Journal List > Endocrinol Metab > v.33(4) > 1108831

Serafico: Response: Iodine Status in Filipino Women of Childbearing Age (Endocrinol Metab 2018;33:372-9, Michael E. Serafico et al.)
This communication is in response to the letter of Zheng Feei Ma regarding our recent publication titled “Iodine status in Filipino women of childbearing age.”
The objective of our cross-sectional study was to assess the iodine status of Filipino women of childbearing age based on urinary iodine concentration (UIC). UIC can reflect recent changes in iodine status and is considered to be a sensitive marker of current iodine intake [1]. Although UIC is known to show high intra- and inter-individual variation [2], these variations tend to even out within populations; thus, it provides a useful measure of the iodine status of the population [3]. In fact, a study conducted by Konig et al. [4] showed that variations in hydration among individuals and day-to-day variation in iodine intake generally even out if a large number of samples is collected. In addition, the median UIC in spot urine samples correlates closely with the median obtained from 24-hour samples and with the estimated urinary iodine excretion (UIE) from creatinine-corrected UICs [4]. Furthermore, the daily creatinine excretion in healthy well-nourished adults has been found to be fairly constant, at about 1 g; therefore, estimating the UIE from spot urine samples approximates the value that would be obtained from a 24-hour collection and reduces variation due to hydration status [5]. Moreover, urinary iodine/creatinine ratios are unreliable, particularly when protein intake is low, which results in low excretion of creatinine [3].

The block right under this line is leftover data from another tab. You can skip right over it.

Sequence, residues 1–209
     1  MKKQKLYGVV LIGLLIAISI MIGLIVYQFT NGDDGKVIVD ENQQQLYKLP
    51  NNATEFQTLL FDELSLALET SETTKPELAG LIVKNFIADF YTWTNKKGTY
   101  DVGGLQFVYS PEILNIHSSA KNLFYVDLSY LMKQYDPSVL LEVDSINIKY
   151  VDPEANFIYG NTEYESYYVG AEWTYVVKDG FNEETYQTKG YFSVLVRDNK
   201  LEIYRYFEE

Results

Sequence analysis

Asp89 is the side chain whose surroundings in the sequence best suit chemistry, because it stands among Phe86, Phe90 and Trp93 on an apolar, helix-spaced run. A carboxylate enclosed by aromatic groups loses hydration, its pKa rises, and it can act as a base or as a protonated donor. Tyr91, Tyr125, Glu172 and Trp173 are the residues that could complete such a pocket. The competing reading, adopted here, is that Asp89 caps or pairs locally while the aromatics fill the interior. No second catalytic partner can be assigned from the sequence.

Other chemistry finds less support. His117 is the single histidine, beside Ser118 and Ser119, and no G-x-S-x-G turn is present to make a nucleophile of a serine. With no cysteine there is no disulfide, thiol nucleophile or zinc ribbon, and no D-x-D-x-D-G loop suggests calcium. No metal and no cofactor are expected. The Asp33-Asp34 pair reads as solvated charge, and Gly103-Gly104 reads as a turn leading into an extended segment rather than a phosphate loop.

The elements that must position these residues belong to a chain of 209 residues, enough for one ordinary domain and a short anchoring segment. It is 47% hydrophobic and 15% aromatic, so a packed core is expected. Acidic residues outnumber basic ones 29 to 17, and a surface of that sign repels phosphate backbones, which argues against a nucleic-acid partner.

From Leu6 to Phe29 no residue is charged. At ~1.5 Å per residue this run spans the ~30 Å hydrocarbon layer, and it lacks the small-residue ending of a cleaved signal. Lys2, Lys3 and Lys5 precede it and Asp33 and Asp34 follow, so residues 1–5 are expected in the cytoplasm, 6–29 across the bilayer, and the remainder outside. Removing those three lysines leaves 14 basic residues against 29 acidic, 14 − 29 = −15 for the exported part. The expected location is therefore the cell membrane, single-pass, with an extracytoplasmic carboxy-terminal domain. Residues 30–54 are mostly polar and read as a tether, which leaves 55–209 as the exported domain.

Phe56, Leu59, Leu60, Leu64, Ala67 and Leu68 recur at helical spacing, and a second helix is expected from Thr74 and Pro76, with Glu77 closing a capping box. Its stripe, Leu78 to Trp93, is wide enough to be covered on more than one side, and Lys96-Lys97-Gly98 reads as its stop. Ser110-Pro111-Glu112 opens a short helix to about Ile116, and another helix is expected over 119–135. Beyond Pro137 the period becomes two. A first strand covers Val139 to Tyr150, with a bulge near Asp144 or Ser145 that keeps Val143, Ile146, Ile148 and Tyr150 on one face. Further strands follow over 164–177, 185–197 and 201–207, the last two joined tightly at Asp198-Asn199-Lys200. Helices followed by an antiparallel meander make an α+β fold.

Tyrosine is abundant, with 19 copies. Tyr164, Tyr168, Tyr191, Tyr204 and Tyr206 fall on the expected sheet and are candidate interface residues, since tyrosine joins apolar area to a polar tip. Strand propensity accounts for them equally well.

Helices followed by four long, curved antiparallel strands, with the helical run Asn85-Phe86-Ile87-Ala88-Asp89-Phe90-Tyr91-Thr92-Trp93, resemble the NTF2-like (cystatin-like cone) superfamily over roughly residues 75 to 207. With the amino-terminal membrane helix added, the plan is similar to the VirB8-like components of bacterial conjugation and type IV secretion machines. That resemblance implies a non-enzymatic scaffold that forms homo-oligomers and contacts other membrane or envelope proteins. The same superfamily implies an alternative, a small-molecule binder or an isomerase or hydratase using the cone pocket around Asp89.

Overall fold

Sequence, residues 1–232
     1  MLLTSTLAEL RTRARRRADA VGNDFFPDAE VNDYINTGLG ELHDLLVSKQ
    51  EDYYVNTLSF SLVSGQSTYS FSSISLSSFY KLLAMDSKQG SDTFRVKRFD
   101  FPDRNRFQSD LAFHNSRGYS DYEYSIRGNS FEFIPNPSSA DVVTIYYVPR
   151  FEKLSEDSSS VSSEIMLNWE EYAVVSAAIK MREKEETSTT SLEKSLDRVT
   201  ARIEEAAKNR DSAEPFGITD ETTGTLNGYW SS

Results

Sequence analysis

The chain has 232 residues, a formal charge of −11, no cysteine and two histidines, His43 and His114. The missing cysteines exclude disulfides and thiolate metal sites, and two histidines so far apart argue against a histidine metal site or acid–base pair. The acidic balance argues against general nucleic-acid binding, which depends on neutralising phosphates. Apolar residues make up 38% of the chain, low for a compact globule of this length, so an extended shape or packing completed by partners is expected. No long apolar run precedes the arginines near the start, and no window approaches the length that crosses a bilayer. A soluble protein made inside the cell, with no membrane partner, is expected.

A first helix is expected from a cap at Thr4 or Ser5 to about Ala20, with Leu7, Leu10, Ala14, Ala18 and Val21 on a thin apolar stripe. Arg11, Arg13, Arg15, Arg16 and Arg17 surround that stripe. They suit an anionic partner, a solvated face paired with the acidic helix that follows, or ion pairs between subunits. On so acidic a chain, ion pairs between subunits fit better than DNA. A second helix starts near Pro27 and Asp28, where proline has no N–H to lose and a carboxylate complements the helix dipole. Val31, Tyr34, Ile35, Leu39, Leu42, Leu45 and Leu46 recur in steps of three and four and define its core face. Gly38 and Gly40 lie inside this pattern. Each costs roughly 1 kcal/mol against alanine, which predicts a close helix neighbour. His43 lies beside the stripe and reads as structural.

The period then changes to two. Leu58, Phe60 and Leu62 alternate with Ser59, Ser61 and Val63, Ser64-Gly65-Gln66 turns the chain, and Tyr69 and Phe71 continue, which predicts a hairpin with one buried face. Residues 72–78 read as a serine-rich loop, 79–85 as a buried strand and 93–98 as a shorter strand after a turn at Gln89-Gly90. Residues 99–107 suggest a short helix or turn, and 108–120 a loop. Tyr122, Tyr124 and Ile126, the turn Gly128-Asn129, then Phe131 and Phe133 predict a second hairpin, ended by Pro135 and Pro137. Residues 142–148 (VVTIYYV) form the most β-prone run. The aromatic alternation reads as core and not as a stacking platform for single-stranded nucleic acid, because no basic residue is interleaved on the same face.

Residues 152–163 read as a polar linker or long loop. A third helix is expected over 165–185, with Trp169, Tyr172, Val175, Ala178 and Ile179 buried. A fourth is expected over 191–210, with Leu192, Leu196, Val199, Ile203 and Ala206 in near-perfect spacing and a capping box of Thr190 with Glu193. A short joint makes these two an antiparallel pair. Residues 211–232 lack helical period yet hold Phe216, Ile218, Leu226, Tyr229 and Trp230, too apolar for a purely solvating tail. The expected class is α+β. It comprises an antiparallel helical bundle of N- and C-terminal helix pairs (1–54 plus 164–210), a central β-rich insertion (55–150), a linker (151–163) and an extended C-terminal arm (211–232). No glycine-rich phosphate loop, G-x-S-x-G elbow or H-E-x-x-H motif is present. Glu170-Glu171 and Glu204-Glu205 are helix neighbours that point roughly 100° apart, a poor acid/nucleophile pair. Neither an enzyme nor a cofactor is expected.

In this study, the median UIC was found to be positively correlated with the amount of iodine present in the salt that participants consumed, regardless of whether they lived along the coast. As presented in Fig. 1 of our original article, the median UIC level across the Philippine archipelago reflected an iodine status of either optimum iodine nutrition or mild iodine deficiency [6]. This further suggests that there are no specific geographic foci that can be assumed to be indicative of being low- or high-prevalence areas.


CONFLICTS OF INTEREST No potential conflict of interest relevant to this article was reported.


1. DeMaeyer EM, Lowenstein FW, Thilly CW. The control of endemic goitre. Geneva: World Health Organization;1979.
2. Ma ZF, Venn BJ, Manning PJ, Cameron CM, Skeaff SA. The sensitivity and specificity of thyroglobulin concentration using repeated measures of urinary iodine excretion. Eur J Nutr. 2018; 57:1313–1320.
3. International Council for Control of Iodine Deficiency Disorders. UNICEF. World Health Organization. Assessment of iodine deficiency disorders and monitoring their elimination: a guide for programme managers. 3rd ed. Geneva: World Health Organization;2007.
4. Konig F, Andersson M, Hotz K, Aeberli I, Zimmermann MB. Ten repeat collections for urinary iodine from spot samples or 24-hour samples are needed to reliably estimate individual iodine status in women. J Nutr. 2011; 141:2049–2054.
5. Vejbjerg P, Knudsen N, Perrild H, Laurberg P, Andersen S, Rasmussen LB, et al. Estimation of iodine intake from various urinary iodine measurements in population studies. Thyroid. 2009; 19:1281–1286.
6. Serafico ME, Ulanday JRC, Alibayan MV, Gironella GMP, Perlas LA. Iodine status in Filipino women of childbearing age. Endocrinol Metab (Seoul). 2018; 33:372–379.

Michael E. Serafico

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